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Is a Googlebot a Googlebot a Googlebot?

Or does each have its own "personality"?

     
1:02 pm on May 2, 2007 (gmt 0)

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I was looking over my recent logs and I noticed that I have about 2 dozen visits from Googlebots (assuming that they are the real thing, and not pretenders), all of which came from these 3 IP ranges:

66.249.65.xx
66.249.66.xx
66.249.72.xx

So now I'm wondering -- does each Googlebot behave exactly the same? (in the way that it goes through a website). Or could each of those 3 IP zones have slightly different characteristics? For example, one puts more emphasis on alt tags; the next puts more emphasis on words in bold; the third gives more weight to image names; etc.

If they do not behave exactly the same then it seems that each one would have an impact which could vary -- for better or worse -- on how the SERPs are determined.

It is probably difficult to gauge this sort of relationship (Date > Googlebot > IP range > SERPs), but as I said, I'm curious whether it plays any role at all in the shifts we see.

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5:50 pm on May 2, 2007 (gmt 0)

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You can verify if a googlebot user agent is really from Google - see How to verify Googlebot is Googlebot [webmasterworld.com].

A second factoid in this mix: all of the google spiders now share a crawl cache, which is then used by the algorithm to score the SERPs. So, the spider and the algorithm are two separate steps. The spider just retrieves the pages and stores them in Google's shared crawl cache - then the algorithm ranks them.

12:58 am on May 3, 2007 (gmt 0)

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You can see some "interesting" patterns of fetch if you look at your logs over a period of time.
12:26 am on May 4, 2007 (gmt 0)

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Thanks tedster -- I figured that the bot was only retrieving data, but wanted to confirm from someone with expertise in the field.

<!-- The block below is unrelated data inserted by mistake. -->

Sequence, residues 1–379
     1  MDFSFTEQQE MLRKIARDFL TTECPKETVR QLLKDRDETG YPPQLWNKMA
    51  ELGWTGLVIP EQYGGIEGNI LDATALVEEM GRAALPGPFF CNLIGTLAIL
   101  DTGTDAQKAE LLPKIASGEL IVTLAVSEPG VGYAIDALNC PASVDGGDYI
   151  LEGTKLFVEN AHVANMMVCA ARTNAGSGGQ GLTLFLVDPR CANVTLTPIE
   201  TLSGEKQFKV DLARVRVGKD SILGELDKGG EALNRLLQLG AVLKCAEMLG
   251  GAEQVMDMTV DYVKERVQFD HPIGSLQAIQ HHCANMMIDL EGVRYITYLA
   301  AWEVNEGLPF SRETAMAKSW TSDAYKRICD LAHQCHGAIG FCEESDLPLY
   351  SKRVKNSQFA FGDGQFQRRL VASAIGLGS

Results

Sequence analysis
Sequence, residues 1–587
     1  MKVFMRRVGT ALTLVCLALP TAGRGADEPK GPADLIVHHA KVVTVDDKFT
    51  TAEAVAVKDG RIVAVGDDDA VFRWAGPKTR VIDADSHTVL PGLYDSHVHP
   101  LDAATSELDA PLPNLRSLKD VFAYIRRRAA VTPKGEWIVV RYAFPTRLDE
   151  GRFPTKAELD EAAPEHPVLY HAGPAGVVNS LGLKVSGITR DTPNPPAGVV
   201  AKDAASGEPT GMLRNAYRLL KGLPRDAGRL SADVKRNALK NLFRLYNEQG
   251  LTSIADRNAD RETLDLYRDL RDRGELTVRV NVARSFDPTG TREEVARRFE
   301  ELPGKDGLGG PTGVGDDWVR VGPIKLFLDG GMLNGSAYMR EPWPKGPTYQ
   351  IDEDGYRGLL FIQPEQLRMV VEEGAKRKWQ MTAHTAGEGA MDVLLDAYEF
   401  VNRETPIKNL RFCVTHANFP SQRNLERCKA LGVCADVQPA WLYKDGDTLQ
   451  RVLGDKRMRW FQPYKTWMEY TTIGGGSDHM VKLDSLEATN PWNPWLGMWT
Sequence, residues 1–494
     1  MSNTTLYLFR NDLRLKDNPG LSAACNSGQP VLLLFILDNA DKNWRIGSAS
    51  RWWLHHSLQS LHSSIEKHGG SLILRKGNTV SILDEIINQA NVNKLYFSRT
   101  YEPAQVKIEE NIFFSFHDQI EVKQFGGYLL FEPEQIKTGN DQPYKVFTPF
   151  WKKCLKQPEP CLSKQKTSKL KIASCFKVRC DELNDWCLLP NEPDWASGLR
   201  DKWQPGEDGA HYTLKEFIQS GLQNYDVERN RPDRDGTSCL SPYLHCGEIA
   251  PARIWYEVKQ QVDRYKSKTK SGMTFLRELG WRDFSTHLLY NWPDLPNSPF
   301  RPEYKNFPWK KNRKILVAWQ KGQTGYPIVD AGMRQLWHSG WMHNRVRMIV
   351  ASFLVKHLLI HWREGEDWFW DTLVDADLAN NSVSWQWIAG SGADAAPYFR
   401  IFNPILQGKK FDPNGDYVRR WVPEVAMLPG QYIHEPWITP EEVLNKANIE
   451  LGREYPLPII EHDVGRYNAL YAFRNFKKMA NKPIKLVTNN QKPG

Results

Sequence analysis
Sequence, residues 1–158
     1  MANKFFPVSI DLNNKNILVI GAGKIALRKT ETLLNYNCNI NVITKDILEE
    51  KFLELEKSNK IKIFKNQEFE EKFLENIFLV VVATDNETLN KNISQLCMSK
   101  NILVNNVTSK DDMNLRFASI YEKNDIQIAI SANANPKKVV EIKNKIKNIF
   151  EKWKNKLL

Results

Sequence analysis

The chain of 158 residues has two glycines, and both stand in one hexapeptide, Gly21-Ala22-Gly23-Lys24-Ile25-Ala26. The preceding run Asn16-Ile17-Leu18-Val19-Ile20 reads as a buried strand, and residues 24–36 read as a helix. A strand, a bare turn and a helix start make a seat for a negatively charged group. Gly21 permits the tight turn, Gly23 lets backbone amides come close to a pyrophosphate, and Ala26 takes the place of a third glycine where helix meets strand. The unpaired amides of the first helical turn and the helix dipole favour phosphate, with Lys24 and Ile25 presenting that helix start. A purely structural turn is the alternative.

g1smd -- am not sure what you mean by "interesting patterns of fetch" -- are you referring to the way the bot moves through a site? That level of analysis is something I've not done yet, so to be honest I may not fully grasp what the pattern would be telling me.

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12:38 am on May 4, 2007 (gmt 0)

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Several things: how they request URLs across a site, how often stuff is fetched, how some stuff is fetched more often than others, and so on.

The pattern reveals little or nothing about how things work, but sometimes you can attribute a change of pattern with something that you did to the site content, or internal navigation, or linking pattern.

12:51 am on May 4, 2007 (gmt 0)

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I helped out on another forum that was under attack about six months back. The bot attacking was called something like "GOOGLEBOTRUSSIA", of course I realised immediately it didn't belong to google and blocked it to recover the site but there are spam bots masquerading as google.Its well worth checking.
4:12 am on May 4, 2007 (gmt 0)

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but there are spam bots masquerading as google. Its well worth checking.

Tedster told me in another thread that since Google can/does change its IP, it is not dependable to keep a "white" list. But to date -- for me at least -- all the googlebots I see are in the range 66.249.65.xx, 66.249.66.xx, and 66.249.72.xx. So if I see anything calling itself googlebot from outside 66.249, I will be suspicious.

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4:57 am on May 4, 2007 (gmt 0)

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If you can employ the method described in this link, you don't need to be suspicious - you can just plain-old know for sure. It also works for slurp, by the way.

How to verify Googlebot is Googlebot [webmasterworld.com].

[edited by: tedster at 11:40 pm (utc) on May 4, 2007]

11:36 pm on May 4, 2007 (gmt 0)

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Google changes IP addresses from time to time, but the range of IP addresses that is available tyo them is well known and in the public domain. They have several very large blocks and a number of smaller allocations.
 

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